•  Management and Oversight. The Bill creates a new Office of Financial Stability within Treasury’s Office of Domestic Finance to manage the TARP. To enhance Congressional oversight of the implementation of the Act, the Bill also creates an Office of the Inspector General for the TARP, with the inspector general appointed by the President and approved by the Senate. Key functions of the inspector general include conducting, supervising and coordinating audits and investigations of the TARP, and providing quarterly reports to Congress summarizing the Treasury Secretary’s activities. The Bill also establishes the Congressional Oversight Panel comprised of five outside experts appointed by Congress to review the financial markets and regulatory system and present monthly reports to Congress regarding the Treasury Secretary’s use of authority under the Bill and its market impact, as well as an annual report of recommendations for regulatory reform.
  •  Legal Standards. The only fixed legal standards in the Bill are (i) the $700 billion cap (itself a somewhat ambiguous limit), (ii) the time limit on asset purchases by Treasury, (iii) an apparent requirement that (with certain exceptions) Treasury generally pay no more for an asset than what the seller paid to acquire it and (iv) an express requirement in section 113(b)(1) that Treasury pay the lowest price determined by the Treasury Secretary to be consistent with the purposes of the Bill. There is no hard-and-fast standard, however, as there is, for example, in the duty of the FDIC to resolve failed banks at “least cost.”

Indeed, the purposes of the Bill, set forth in section 2(2), are both so broad and potentially conflicting as to give Treasury considerable discretion in determining a “lowest price” and other elements of TARP while also giving Congress ample room to second-guess those decisions. For example, one stated purpose is to preserve home ownership and another is to maximize overall returns to taxpayers; whatever pricing mechanism Treasury adopts is likely to advance one of these purposes at the expense of the other.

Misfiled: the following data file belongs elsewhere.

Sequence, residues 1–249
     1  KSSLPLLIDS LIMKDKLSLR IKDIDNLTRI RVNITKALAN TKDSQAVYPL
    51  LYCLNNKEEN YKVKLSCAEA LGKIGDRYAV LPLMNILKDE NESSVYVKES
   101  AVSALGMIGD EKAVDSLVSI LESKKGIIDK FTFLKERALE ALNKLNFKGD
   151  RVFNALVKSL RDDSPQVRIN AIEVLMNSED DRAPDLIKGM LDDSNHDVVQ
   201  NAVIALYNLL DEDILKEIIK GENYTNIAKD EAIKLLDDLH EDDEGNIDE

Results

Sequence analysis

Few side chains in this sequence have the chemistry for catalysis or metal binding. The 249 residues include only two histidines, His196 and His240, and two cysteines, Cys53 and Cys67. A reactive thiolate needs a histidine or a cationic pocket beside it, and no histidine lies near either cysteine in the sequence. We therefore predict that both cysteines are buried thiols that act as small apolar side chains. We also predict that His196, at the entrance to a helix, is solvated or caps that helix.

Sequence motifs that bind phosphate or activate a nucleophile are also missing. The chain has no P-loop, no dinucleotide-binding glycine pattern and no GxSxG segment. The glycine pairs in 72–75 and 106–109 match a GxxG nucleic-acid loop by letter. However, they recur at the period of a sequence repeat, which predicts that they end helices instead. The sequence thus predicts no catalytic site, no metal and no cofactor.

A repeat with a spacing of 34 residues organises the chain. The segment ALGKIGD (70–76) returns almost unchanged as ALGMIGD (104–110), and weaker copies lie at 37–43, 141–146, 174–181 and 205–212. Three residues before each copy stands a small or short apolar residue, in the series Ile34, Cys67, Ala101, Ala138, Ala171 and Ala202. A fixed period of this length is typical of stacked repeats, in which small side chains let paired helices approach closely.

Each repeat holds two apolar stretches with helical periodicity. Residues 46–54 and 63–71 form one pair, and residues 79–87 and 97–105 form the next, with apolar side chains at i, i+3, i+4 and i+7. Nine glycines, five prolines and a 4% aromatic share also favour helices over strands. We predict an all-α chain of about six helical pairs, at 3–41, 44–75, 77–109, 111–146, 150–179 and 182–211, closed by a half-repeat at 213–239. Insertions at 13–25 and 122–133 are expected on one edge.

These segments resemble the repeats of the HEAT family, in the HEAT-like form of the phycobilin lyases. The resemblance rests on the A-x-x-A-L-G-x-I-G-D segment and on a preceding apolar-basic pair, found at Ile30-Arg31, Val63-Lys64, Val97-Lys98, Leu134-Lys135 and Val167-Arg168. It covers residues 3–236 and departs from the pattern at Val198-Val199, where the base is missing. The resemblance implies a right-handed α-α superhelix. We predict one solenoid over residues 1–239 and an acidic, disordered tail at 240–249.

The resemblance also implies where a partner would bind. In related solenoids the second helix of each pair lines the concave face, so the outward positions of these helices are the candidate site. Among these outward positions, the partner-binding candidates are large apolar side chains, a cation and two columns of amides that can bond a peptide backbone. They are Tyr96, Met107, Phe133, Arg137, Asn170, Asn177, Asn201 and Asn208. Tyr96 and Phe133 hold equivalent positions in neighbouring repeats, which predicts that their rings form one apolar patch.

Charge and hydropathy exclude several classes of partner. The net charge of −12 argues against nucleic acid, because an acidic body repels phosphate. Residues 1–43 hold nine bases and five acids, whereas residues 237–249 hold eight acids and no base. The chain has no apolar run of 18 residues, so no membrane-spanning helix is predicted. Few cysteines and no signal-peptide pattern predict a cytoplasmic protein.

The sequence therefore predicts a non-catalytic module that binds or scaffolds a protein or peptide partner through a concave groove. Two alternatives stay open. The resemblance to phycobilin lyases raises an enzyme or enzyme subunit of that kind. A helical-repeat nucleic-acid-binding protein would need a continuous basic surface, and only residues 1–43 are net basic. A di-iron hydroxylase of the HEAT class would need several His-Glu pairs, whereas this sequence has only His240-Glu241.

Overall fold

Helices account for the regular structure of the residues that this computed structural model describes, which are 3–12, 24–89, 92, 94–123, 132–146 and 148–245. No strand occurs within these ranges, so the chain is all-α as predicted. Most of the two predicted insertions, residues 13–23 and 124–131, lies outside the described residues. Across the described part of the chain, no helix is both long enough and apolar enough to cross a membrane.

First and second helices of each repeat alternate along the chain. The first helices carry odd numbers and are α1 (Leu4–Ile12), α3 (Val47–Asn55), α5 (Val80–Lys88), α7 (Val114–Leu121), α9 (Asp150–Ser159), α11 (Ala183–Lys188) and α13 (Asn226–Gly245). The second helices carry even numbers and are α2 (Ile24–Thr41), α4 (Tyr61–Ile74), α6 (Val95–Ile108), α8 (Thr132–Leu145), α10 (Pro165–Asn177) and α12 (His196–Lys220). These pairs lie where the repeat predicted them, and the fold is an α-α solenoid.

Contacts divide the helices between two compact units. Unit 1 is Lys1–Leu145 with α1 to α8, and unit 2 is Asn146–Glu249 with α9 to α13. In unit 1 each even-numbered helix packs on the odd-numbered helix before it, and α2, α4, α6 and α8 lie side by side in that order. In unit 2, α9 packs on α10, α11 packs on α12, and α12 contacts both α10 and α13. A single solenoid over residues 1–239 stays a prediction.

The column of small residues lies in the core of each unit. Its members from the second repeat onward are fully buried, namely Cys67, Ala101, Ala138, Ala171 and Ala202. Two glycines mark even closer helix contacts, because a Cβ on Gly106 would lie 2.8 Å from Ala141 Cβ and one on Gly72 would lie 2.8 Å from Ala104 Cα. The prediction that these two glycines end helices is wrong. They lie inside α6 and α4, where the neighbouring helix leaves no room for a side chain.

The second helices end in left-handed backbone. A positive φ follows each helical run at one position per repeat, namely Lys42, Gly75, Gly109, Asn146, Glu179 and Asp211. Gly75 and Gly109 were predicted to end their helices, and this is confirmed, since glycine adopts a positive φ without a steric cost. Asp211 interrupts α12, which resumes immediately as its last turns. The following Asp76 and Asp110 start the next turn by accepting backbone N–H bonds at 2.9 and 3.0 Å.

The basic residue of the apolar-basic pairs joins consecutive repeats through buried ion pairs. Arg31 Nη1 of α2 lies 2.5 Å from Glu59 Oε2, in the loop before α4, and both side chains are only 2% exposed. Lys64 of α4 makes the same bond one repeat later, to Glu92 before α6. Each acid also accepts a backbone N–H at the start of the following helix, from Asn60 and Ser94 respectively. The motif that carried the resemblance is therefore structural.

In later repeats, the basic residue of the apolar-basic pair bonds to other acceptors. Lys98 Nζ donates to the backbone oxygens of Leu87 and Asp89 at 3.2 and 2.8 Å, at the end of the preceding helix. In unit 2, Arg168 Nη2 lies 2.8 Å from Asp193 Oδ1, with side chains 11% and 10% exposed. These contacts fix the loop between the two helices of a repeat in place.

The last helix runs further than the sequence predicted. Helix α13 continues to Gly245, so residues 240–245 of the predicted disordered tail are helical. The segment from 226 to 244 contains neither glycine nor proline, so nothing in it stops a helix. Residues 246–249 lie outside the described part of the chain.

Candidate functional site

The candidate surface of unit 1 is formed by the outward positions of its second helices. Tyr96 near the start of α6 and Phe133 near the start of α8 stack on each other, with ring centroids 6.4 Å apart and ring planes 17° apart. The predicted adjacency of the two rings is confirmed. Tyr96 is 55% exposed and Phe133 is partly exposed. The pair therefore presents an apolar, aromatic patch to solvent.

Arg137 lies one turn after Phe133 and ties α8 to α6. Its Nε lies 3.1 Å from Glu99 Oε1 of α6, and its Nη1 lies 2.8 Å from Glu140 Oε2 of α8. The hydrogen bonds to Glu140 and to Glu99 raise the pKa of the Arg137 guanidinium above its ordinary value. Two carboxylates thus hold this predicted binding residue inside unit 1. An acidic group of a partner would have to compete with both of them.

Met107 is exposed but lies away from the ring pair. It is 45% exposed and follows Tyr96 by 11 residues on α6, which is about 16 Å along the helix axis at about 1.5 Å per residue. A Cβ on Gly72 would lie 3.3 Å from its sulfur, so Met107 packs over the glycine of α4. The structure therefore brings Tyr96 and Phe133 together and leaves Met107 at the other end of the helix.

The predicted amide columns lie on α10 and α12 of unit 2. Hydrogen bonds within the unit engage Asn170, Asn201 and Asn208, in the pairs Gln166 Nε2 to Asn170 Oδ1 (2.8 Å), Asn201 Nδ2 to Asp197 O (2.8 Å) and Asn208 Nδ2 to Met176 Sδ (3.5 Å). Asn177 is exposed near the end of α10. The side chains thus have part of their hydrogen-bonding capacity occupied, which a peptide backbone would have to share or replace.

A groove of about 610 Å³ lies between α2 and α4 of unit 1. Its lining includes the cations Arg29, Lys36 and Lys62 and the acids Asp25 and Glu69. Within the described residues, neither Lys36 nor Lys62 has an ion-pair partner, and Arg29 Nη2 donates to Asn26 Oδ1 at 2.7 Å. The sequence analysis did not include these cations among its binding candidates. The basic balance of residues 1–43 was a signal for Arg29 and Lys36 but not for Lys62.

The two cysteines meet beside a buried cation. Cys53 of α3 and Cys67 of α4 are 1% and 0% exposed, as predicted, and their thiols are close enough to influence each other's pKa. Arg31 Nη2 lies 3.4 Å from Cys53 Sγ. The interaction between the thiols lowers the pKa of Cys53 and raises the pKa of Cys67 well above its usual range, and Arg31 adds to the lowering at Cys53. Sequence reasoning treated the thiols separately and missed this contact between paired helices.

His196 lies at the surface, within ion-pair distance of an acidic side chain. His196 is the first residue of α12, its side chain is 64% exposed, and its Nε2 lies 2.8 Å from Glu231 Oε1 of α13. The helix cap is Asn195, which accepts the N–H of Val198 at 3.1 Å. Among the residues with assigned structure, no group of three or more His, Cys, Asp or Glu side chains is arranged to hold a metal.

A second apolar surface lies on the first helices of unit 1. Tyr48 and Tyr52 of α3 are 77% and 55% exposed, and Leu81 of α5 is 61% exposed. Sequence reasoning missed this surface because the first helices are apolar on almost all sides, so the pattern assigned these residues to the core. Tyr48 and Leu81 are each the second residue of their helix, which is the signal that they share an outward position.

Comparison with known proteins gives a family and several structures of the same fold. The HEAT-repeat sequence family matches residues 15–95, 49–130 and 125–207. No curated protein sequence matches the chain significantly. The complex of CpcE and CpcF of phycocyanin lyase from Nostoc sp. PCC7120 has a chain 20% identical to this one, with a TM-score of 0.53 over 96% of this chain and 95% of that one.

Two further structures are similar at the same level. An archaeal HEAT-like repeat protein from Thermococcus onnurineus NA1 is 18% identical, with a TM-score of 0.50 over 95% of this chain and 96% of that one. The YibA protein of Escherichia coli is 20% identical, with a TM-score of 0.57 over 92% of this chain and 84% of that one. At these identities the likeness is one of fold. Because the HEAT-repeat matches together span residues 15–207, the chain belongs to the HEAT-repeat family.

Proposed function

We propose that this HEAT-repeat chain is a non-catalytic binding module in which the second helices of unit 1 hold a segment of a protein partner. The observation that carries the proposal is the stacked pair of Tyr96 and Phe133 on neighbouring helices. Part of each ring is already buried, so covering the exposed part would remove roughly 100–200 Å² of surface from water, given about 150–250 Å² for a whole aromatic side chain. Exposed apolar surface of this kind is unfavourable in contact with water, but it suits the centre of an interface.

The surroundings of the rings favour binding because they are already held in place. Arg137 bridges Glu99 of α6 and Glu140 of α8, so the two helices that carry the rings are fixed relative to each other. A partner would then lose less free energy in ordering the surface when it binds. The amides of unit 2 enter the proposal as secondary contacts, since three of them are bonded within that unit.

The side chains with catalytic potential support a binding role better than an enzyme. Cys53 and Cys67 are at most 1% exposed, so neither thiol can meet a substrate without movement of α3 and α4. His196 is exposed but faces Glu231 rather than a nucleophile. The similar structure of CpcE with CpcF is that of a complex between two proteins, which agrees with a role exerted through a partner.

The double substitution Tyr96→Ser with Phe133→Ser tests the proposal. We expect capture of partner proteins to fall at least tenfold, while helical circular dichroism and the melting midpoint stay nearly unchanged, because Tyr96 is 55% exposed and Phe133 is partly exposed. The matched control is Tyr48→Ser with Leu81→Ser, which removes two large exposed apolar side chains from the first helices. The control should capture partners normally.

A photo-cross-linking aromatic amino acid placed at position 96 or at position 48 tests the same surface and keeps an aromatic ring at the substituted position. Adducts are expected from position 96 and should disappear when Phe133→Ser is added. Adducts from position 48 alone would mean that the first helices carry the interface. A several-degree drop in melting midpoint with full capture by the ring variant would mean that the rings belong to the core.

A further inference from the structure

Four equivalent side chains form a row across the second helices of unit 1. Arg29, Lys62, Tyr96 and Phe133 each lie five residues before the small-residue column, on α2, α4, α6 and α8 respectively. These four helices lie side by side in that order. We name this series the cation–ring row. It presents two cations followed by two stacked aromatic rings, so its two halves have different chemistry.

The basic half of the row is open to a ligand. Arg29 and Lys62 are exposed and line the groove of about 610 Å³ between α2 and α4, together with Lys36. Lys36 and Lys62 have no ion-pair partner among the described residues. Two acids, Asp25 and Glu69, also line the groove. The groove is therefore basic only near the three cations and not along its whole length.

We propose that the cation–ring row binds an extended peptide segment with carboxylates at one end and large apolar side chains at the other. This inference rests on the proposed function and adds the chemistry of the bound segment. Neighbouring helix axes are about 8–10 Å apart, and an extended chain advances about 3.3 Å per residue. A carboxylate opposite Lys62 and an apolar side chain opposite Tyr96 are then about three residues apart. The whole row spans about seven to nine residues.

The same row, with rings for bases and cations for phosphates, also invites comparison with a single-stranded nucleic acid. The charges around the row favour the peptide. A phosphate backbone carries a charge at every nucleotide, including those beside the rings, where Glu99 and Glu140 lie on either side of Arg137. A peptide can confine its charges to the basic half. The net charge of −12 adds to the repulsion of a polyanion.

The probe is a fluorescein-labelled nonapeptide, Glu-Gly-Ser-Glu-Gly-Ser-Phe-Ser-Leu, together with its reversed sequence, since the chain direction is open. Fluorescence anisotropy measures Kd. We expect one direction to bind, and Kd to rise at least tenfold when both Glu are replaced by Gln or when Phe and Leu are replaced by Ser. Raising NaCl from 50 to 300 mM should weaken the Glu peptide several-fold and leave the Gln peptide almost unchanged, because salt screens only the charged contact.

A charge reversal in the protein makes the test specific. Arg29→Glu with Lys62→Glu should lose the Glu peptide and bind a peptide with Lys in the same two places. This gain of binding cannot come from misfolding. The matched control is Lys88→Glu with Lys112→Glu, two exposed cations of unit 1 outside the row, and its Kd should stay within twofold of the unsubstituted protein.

Similarly, section 103 of the Bill enumerates nine “considerations” that Treasury must take into account in exercising its authorities, but, in the application to TARP, several of these considerations are likely to work at cross-purposes. The nine considerations are

  •  the protection of taxpayer interests by maximizing overall returns and minimizing the impact on the national debt;
  • the provision of stability and the prevention of disruption to financial markets in order to limit the impact on the economy and to protect American jobs, savings and retirement security;
  •  the need to help families keep their homes and stabilize communities;
  •  the long-term viability of prospective sellers of troubled assets in order to determine whether a purchase represents the most efficient use of funds;
  •  the confirmation that all financial institutions are eligible to participate in TARP, without discrimination based on size, geography, form of organization or the size, type and number of assets eligible for purchase by Treasury;
  •  the provision of financial assistance to banks that serve low- and moderate-income populations, have assets of less than $1 billion and have capital levels that dropped as a result of the devaluation of Fannie Mae and Freddie Mac stock;
  •  the stability for local governments that have suffered significant increased costs or losses in the current market turmoil;
  •  the protection of retirement security by purchasing assets from certain eligible retirement plans; and
  •  the utility of purchasing other real estate owned, and instruments backed by mortgages on multifamily properties.

Treasury also is authorized (but not specifically required) to take any necessary steps to prevent the unjust enrichment of participating institutions.

Troubled Asset Purchases

  •  Eligible Assets. The Bill authorizes Treasury to purchase “Troubled Assets,” defined as

(A) residential or commercial mortgages and any securities, obligations, or other instruments that are based on or related to such mortgages, that in each case was originated or issued on or before March 14, 2008, the purchase of which the Secretary determines promotes financial market stability; and (B) any other financial instrument that the Secretary, after consultation with the Chairman of the Board of Governors of the Federal Reserve System, determines the purchase of which is necessary to promote financial market stability, but only upon transmittal of such determination, in writing, to the appropriate committees of Congress.